Prof. Albert De Vries is Professor at the Department of Animal Sciences, University of Florida, where he teaches undergraduate dairy courses and advises undergraduate & graduate dairy students. His research covers; dairy culling & replacement strategies, statistical process control, economics of reproduction & genetics and precision dairy farming.
Prof De Vries works within the allied dairy industry and dairy farmers on how to apply the results from his dairy management research and farm financial management with special interest in the economic valuation of production changes on dairy farms.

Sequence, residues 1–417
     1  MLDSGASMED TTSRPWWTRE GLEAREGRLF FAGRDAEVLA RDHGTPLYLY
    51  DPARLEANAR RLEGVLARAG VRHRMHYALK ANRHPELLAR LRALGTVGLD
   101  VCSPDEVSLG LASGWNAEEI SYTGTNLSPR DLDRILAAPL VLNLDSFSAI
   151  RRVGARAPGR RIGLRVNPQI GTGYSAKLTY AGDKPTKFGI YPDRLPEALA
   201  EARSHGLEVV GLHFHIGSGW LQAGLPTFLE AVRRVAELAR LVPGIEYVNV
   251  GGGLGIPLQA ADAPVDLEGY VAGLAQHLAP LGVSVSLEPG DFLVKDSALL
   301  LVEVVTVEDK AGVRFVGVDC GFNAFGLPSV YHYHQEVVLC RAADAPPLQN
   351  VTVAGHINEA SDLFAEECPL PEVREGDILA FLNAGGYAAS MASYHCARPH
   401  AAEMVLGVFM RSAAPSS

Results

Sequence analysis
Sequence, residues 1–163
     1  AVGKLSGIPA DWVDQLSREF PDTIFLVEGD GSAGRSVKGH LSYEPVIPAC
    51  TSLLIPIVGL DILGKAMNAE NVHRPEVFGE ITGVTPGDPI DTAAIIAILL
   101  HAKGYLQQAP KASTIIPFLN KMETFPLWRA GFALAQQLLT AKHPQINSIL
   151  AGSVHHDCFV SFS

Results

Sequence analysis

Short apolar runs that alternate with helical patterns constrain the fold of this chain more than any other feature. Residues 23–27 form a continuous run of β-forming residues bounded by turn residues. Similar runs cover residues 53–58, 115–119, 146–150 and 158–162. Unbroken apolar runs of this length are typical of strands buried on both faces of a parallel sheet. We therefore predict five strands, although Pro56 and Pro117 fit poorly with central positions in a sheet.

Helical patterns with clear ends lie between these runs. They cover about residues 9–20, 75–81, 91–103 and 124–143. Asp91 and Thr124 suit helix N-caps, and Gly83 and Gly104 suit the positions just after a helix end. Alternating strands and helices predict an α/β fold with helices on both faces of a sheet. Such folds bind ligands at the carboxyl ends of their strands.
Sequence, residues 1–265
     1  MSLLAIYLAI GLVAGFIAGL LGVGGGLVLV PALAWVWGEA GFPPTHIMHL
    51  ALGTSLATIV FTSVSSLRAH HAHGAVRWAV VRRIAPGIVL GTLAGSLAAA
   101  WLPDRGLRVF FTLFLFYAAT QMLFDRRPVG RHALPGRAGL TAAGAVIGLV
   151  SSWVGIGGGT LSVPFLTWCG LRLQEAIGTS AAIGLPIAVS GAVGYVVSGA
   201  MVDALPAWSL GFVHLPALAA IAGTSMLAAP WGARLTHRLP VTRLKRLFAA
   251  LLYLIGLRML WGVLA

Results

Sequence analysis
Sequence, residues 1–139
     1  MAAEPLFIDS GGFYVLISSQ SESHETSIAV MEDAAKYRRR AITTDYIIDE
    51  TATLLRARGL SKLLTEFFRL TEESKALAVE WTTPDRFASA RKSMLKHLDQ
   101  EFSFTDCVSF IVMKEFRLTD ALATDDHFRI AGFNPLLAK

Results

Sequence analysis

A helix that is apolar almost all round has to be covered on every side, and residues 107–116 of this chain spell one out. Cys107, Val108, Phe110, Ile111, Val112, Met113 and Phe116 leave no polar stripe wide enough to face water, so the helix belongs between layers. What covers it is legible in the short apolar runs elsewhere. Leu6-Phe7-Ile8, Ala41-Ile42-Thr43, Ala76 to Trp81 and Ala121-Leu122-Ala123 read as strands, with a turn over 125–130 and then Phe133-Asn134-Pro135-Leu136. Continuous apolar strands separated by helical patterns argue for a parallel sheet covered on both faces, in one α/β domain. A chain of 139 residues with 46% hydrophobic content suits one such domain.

Prof De Vries presentation will highlight the positives for extending the average number of dairy cow lactations to five, which can be accomplished through breeding, cow care and improved decision making. Looking at opportunities and lessons from the past, Prof De Vries will focus on the economics of extending the lactations.
Peter Hynes, Rathard Holsteins, Co. Cork, Ireland - 'Embracing Genetic Gain Amidst Dairy Expansion'
Peter and his wife Paula farm the 180 pedigree Rathard Holsteins herd in Co. Cork, Ireland. EU quota was removed in 2015 and this saw herd expansion from 50 head of cattle; with their main focus on maximising genetic gain. Genetic gain is being by using elite genotyped sires combined with information gathered from genotyping all females within the herd and matching sire traits to the requirements of the herd.